Sometimes I feel slightly abashed, in these hard times, that I am employed as an MEP in the public sector at the tax-payers’ expense. But I console myself with the thought that for the first three quarters of my long career, at least, I had proper jobs, in the private sector, creating wealth of one sort and another.
I worked for a number of companies, but I have to admit that there was only one of those employers where I felt any real affinity for the product, rather than merely for the business. After all, it’s difficult to feel too warm about soap powder or sewing thread. But Scotch whisky is another matter. I spent a number of years in South East and East Asia with what was then Guinness/United Distillers, and is now Diageo, and I found that whisky is something that one can feel warm about — both figuratively and literally. For some years I was Mr. Johnnie Walker in Korea, and very pleasant I found it. (Government health advice: consume in moderation!).
Now as an MEP, I spend a fair amount of time visiting companies, and sometimes I have the opportunity to visit a company about whose products I feel very warm indeed. Ten days ago I was with Jaguar at Castle Bromwich, for example.
And last Friday, I visited the Fine Book Bindery (www.finebinding.co.uk) and Logan Press, at their new premises in the village of Finedon, in Northants (in my East Midlands Region). The company was founded under a different name in 1966, and is one of very few UK businesses that can do work of this exceptional quality. It is a small operation with the timeless feeling of an atelier, and some of the machines are timeless, too. One dates from 1845. While I was there, they were working on the Centenary Edition of the Book of Sark, with many stunning colour reproductions of paintings of the island using actual printing plates made in 1907.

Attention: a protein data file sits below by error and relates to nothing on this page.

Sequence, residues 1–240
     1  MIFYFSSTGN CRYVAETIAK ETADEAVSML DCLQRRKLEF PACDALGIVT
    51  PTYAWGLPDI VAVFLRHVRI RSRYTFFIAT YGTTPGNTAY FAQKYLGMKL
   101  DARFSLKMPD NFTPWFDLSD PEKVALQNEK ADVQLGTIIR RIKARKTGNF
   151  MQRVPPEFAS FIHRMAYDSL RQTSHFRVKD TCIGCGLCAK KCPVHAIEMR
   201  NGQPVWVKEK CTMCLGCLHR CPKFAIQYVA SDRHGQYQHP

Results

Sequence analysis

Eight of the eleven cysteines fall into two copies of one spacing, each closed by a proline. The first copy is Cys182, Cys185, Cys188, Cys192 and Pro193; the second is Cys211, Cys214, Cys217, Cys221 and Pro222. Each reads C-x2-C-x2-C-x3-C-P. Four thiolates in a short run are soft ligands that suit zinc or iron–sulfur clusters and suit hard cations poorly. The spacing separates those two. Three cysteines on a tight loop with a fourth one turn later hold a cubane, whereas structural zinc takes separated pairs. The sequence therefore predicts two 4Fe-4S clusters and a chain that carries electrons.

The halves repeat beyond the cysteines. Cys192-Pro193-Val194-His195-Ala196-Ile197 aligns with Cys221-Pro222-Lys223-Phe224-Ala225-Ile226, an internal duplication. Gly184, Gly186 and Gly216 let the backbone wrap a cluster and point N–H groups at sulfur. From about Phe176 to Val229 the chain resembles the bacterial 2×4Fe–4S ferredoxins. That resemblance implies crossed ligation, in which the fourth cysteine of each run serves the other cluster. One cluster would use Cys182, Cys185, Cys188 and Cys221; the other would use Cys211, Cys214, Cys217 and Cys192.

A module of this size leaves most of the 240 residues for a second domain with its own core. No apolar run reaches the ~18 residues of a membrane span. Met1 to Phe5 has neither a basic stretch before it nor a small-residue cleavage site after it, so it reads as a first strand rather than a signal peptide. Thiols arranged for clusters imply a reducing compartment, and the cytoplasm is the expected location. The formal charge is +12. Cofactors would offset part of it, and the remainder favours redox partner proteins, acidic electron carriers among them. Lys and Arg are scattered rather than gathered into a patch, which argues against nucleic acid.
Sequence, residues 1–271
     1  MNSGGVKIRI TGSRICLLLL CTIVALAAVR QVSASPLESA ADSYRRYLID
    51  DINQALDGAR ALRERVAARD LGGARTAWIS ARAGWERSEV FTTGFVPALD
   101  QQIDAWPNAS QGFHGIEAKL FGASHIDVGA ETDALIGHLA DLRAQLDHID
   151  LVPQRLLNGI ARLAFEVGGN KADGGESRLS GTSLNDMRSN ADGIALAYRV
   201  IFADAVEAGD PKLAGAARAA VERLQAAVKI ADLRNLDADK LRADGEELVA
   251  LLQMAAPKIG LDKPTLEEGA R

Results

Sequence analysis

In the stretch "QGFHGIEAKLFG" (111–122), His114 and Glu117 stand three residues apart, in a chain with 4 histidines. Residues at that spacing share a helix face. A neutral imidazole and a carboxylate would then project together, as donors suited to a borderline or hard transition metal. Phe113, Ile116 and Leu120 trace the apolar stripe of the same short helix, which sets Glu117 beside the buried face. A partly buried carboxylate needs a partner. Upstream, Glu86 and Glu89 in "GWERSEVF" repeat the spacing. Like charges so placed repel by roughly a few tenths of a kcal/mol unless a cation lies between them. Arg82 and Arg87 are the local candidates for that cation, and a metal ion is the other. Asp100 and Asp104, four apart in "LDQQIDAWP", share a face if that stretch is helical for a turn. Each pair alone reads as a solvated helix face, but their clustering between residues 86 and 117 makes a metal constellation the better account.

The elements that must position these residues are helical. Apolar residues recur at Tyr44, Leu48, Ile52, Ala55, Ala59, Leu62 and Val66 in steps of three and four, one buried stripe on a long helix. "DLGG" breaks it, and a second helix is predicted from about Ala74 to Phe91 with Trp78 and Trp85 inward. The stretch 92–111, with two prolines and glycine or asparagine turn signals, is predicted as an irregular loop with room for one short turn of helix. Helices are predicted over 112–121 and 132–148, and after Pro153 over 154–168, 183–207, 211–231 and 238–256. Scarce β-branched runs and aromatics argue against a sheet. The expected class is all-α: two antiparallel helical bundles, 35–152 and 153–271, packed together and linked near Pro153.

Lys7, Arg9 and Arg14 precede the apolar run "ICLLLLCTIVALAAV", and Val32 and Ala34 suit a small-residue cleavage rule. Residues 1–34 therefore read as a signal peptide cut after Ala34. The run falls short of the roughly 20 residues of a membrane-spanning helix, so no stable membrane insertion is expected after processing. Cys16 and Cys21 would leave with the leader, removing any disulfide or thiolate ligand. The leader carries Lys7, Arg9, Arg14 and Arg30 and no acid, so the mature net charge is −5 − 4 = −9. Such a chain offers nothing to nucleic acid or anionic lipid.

I have a great love of books, and I first learned of the Fine Book Bindery when reading the publication details in my Folio Society edition of Coleridge’s Ancient Mariner. Such books are the work of many hands, and this one carries credits for the type face; the Society; the illustrator; the paper-maker and the printer; the plate-maker (for the prints and engravings); and another paper-maker (for the prints). But the endpapers and limitation page were printed letterpress on Hahnemühle Bugra-Bütten by the Logan Press in Finedon. And it was hand-bound in vellum by the Fine Book Bindery.
The overall result is quite splendid, as is the uniform edition of the Rubaiyat of Omar Khayyam, pictured above.
They tell me that electronic devices like Kindle will soon sweep the market, and that physical paper books will be a mere dusty curiosity from the last century. But with splendid editions like those from Finedon still being produced, I don’t see books being replaced by mere digital information any time soon.